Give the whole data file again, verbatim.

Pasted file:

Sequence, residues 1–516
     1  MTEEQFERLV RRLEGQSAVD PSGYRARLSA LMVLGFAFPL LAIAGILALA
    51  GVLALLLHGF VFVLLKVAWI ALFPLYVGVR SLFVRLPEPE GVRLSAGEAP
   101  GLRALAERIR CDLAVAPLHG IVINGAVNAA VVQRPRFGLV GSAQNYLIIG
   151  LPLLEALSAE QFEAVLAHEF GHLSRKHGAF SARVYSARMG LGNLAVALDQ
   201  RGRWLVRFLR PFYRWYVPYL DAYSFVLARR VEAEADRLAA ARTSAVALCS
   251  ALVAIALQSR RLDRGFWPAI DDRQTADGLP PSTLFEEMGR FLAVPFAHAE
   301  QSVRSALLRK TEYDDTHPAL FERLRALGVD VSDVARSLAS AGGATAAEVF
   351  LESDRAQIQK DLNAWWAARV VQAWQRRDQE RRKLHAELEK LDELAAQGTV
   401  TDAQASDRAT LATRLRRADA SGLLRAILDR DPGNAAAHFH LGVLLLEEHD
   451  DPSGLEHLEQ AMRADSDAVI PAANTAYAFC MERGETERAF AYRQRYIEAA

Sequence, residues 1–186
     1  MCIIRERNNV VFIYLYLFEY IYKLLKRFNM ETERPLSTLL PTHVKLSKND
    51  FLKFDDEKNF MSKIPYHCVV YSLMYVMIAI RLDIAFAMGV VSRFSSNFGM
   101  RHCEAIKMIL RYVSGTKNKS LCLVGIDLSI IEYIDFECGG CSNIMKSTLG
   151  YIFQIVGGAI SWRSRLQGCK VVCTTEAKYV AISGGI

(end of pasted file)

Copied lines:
Sequence, residues 1–516
     1  MTEEQFERLV RRLEGQSAVD PSGYRARLSA LMVLGFAFPL LAIAGILALA
    51  GVLALLLHGF VFVLLKVAWI ALFPLYVGVR SLFVRLPEPE GVRLSAGEAP
   101  GLRALAERIR CDLAVAPLHG IVINGAVNAA VVQRPRFGLV GSAQNYLIIG
   151  LPLLEALSAE QFEAVLAHEF GHLSRKHGAF SARVYSARMG LGNLAVALDQ
   201  RGRWLVRFLR PFYRWYVPYL DAYSFVLARR VEAEADRLAA ARTSAVALCS
   251  ALVAIALQSR RLDRGFWPAI DDRQTADGLP PSTLFEEMGR FLAVPFAHAE
   301  QSVRSALLRK TEYDDTHPAL FERLRALGVD VSDVARSLAS AGGATAAEVF
   351  LESDRAQIQK DLNAWWAARV VQAWQRRDQE RRKLHAELEK LDELAAQGTV
   401  TDAQASDRAT LATRLRRADA SGLLRAILDR DPGNAAAHFH LGVLLLEEHD
   451  DPSGLEHLEQ AMRADSDAVI PAANTAYAFC MERGETERAF AYRQRYIEAA

Sequence, residues 1–186
     1  MCIIRERNNV VFIYLYLFEY IYKLLKRFNM ETERPLSTLL PTHVKLSKND
    51  FLKFDDEKNF MSKIPYHCVV YSLMYVMIAI RLDIAFAMGV VSRFSSNFGM
   101  RHCEAIKMIL RYVSGTKNKS LCLVGIDLSI IEYIDFECGG CSNIMKSTLG
   151  YIFQIVGGAI SWRSRLQGCK VVCTTEAKYV AISGGI